Porcelain

por·ce·lain (pôrs-ln, pr-, pôrsln, prs-)
n.
1. A hard, white, translucent ceramic made by firing a pure clay and then glazing it with variously colored fusible materials; china.
2. An object made of this substance.

Porcelain is a material of choice for high quality coffee cups, china, coffee filter holders etc. It retains heat well, and also is easy to clean and is stain resistant. I love my porcelain coffee filter holder.

Porcelain Coffee Filter Holder

Ethiopian Amaro Gayo Espresso

Latte art from Ethiopian Amaro Gayo

Moschetti Espresso, the San Francisco Bay Area (Vallejo) Coffee Roasting company, has been knocking me out with their latest offerings from Ethiopia. We are not getting the Blue Berry Bombs of a few years ago, but we are getting mellow, milk chocolate bombs that are making my taste buds ever so happy.

This month Moschetti got in a fresh new batch of Ethiopian Amaro Gayo in a medium Espresso roast. My shots are effortless and easy to dial in, and I am rewarded each morning with massive crema, and all it’s silky mouth feel. Milk chocolate with a hint of fruit, and with milk an amazing richness.

For espresso equipment I use a Rancilio Miss Silvia with a PID temperature controller, and an oversize bottomless portafilter, and a professional Mazzer Mini burr grinder. You can tell when a coffee is not so fresh by how much splattering you get and how impossible it is to get a great shot. Since Moschetti roasts five days a week, you are insured that you getting uber fresh coffee. Sometimes the bean really needs a bit of age to get the best espresso shot. Day 1-5 are actually very difficult to deal with and you end up with mountains of crema on top of too bright and citrus flavors. Wait a day or two more, and you are rewarded with a very complex demitasse of incredible goodness.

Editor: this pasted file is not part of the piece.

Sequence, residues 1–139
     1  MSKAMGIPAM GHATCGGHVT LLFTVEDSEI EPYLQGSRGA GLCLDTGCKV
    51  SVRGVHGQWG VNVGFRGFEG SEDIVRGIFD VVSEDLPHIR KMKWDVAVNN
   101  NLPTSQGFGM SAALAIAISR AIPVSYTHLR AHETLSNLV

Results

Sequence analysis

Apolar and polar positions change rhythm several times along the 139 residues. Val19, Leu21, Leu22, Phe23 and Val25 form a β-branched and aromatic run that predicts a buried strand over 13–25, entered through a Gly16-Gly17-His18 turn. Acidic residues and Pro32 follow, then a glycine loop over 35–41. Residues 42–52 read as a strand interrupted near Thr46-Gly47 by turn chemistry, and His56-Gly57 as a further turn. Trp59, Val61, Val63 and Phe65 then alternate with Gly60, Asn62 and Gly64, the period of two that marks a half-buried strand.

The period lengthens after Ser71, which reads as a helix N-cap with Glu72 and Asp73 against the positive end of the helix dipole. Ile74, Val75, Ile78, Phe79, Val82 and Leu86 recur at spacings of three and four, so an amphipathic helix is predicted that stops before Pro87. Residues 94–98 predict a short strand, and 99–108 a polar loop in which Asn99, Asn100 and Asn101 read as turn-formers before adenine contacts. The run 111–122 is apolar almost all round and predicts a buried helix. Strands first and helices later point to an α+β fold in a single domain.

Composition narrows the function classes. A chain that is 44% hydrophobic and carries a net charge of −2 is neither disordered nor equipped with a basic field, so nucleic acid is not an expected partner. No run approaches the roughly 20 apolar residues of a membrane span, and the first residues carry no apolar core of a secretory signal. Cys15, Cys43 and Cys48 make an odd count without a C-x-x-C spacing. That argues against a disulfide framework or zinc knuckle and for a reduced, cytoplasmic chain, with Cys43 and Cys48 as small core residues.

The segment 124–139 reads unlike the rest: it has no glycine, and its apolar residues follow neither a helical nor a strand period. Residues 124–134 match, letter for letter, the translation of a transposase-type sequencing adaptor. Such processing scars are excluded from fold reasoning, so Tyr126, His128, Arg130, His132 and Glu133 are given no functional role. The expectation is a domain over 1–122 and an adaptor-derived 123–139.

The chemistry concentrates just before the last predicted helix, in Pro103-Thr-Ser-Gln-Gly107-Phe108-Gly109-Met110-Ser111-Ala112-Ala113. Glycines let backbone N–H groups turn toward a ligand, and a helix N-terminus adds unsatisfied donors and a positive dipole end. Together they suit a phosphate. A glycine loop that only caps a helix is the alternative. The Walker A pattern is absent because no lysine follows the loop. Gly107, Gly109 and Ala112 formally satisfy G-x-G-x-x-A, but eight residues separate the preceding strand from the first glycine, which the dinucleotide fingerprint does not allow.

Starting the day out with a beautiful shot of espresso is the only way to start my engine. I am very lucky to have a roaster just a few minutes away who knows how to roast a perfect and freshest coffee bean for espresso.

Stopped by Moschetti Espresso the other Saturday during the free tasting, and after hanging out for a while talking politics and sampling a variety of fresh roasted coffees, I chose three to blend at home for my daily shots of espresso.

I got Brazil for the base. You’ll find Brazil in most coffee blends since it is mellow, tasty and tends to compliment most other expensive or exotic tasting coffee beans. I also got a really nice batch of Ethiopian with it’s telltale aroma and flavors of blue berry. It wasn’t the blueberry bomb of a couple years ago, but it is still a clean and fruity smelling and tasting coffee. I love the stuff. The third bean I came home with was the Burundi.

The Burundi is a huge, aggressive coffee with an earthy base, a towering sweetness, and for several days it had an intense aroma of almonds.

I fiddled around for several days blending. Starting at 1:1:1 ratio of each I found the Burundi to be too aggressive as espresso. It overpowered the Ethiopian and Brazil. I kept decreasing the amount of Burundi and increasing the amount of Ethiopian.

In the end I preferred 4:4:1 of Brazil to Ethiopian to Burundi. At this ratio the sweet fruit of Ethiopian shown through, the Burundi added a very interesting layer of complexity and the Brazil just held it all together.